Foreboding, rusty old Roslindale bridge to get artistic redo
A group of residents living near the Blakemore Street Bridge, which connects Hyde Park Avenue with Brown Avenue and Florence Street over the Northeast Corridor train tracks have won a city grant to try to turn the darkened, rusty span into a more welcoming entrance to the Prospect Hill neighborhood.
The Friends of Blakemore Bridge have been working with city and state officials for a couple of years to do something about the span, which periodically gets covered with graffiti and which has dark spots where troublemakers can lurk. They were among several groups across the city who won Love Your Block mini-grants of up to $3,500 to spruce up their neighborhoods.
Friends member Meri Bond says the money will help pay for increased lighting and art on the bridge, in the form of a mural and a graffiti wall. She adds:
Equally important, in the process of working on this project we hope to further build the identity of Prospect Hill as a multi-cultural neighborhood where we smile and say ‘hi’ to one another knowing that we all share the wish to be proud of where we live and have neighbors who are willing to lend a helping hand when we need one.
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did that guy turn around when you took the pic?
Because I have a Pixel 4a and, unlike certain Boston-area radio personalities, I really do know how good it is in low-light conditions (if anything, a bit too good, since my photos came out looking like the bridge was being bathed in sunlight, not light from the two municipal light fixtures on either side).
I have a Pixel 6.
I have a Pixel 6.
It is lucky it is not like
It is lucky it is not like the bridge down HP Ave from there.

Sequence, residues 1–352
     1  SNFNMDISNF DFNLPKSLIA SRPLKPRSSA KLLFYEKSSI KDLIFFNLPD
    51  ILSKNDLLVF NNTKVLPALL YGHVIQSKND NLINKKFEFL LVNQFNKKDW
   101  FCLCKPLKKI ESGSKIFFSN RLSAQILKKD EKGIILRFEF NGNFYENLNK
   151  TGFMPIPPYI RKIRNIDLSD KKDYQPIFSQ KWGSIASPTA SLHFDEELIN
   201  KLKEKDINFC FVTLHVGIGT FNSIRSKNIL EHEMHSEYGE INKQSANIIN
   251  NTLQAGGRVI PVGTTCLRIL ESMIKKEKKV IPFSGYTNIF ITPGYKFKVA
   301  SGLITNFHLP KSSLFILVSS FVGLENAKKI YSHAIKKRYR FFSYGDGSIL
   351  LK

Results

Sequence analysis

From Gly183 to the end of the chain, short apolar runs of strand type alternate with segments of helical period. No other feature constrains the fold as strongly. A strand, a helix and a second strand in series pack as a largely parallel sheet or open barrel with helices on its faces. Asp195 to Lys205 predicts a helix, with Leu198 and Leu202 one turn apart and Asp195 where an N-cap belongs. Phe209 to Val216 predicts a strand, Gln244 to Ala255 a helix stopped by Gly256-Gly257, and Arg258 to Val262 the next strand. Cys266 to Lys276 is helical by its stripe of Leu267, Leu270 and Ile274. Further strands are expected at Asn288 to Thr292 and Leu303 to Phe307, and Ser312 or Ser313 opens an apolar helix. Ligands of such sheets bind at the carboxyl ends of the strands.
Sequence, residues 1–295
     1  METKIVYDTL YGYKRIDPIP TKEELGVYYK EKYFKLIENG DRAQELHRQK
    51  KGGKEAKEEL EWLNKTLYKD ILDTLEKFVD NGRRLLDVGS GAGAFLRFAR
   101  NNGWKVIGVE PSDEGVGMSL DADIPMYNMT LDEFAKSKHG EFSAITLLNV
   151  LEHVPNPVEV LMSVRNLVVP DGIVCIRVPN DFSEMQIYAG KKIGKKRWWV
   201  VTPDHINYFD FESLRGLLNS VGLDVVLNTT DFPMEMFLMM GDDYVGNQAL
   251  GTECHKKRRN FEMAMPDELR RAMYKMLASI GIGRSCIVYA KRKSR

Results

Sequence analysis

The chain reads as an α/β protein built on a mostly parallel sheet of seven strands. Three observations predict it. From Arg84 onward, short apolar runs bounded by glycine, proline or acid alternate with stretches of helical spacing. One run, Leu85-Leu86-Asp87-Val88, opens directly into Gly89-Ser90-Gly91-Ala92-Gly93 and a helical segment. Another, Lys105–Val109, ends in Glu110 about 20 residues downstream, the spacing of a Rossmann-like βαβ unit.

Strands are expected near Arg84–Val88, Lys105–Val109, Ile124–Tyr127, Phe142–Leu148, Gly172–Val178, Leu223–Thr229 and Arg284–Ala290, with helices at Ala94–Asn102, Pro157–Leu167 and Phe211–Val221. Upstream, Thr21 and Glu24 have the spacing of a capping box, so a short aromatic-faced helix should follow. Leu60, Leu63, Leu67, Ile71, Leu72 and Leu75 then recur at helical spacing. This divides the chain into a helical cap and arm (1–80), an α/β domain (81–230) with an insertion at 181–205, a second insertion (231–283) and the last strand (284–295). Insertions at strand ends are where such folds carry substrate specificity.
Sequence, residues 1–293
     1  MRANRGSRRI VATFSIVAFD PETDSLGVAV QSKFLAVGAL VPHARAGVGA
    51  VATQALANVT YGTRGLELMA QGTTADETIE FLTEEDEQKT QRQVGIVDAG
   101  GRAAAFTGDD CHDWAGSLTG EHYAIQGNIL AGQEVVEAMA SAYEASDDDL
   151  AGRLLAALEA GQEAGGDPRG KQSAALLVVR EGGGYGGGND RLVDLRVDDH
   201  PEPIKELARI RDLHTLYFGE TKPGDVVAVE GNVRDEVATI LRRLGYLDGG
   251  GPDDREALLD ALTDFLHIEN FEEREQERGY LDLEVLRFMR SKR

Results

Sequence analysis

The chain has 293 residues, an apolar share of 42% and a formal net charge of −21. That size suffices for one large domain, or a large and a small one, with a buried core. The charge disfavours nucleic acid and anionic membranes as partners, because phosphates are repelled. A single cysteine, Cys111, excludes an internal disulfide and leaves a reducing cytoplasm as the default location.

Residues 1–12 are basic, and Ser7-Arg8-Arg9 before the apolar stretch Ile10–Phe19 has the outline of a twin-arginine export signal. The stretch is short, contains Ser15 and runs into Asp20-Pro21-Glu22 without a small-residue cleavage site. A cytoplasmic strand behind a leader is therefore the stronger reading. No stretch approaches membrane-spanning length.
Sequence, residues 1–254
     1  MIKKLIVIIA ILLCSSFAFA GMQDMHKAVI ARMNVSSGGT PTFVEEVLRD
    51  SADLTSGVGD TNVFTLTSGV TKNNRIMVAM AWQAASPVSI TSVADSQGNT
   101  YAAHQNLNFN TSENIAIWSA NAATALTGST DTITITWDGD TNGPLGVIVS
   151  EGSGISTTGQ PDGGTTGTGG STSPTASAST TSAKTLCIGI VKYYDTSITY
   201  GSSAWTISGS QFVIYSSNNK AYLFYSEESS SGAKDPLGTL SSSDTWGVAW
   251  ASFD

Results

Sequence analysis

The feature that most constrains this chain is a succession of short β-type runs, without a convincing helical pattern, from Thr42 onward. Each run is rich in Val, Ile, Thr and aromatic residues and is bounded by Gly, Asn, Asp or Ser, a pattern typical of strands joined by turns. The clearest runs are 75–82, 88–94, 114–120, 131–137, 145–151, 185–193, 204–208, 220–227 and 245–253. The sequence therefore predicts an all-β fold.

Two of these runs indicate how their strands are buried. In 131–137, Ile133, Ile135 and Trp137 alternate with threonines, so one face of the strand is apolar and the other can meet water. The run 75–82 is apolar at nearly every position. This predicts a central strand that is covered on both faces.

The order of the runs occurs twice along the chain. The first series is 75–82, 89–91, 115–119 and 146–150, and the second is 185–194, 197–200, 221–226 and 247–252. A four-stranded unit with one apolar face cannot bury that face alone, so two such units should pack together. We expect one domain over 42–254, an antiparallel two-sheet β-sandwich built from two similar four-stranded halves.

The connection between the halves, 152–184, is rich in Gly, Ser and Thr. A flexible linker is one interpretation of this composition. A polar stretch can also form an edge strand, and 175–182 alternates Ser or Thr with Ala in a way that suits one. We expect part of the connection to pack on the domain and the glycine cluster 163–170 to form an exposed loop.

Not Like River Street
The River Street bridge dates back to the late 1800s. It is just beyond its time. The state wanted to rehab it and get some additional years out of it but the available window to do major work when no trains are operating was just a few overnight. The last Amtrak passes inbound around midnight but if that is delayed it might not pass through till well after 1 AM. Then the first MBTA train passes outbound around 5-5:30 AM.
For the needed work they would need to de-energize the electric power for the trains as well and that is not an easy task. It has to be disconnected at 2 separate locations on either side of the construction zone and then has to be tested by a local Amtrak qualified high voltage person. This actually drops the work time to just a couple of hours a night once the work vehicles and people are in place.
Given the nature of the work it has been deemed better and more cost effective to move it up on the replacement roster. As it stands when the old structure is removed and a new one is put on place we will see rail disruptions along those tracks but that is a couple fo years off.
During the work a pedestrian bridge will be built that will temporarily carry the utilities that are no on the bridge and people as well.
I'm hoping step one is
Sandblasting the rust.
I'm looking forward to how this will turn out, but the rust is the ugliest part of the structure. The Amtrak mandated barriers are close behind, but at least they are shiny.
sandblasting the rust - add in a structural review to ensure nothing is deficient.
No sand blasting
There is a risk that within the many layers of paint there now may have lead paint so there will be no sand blasting. They would have to cut traffic and tent the whole structure.
As to condition, it has had an appropriate inspection and is rated "fair."
Unlike River Street that dates back to the 1800s, Blakemore's original bridge that was in place from the late 1800s was replaced in 1950 with the current girder style, so it is just over 70 years old.
Nah, just spray some rust-oleum on it, sure it'll be fine. Por15 if you're feeling fancy.
Used to smoke mad blunts there
But we were nice to all those crossing the bridge.
Somewhat like a Vincent Crotty painting.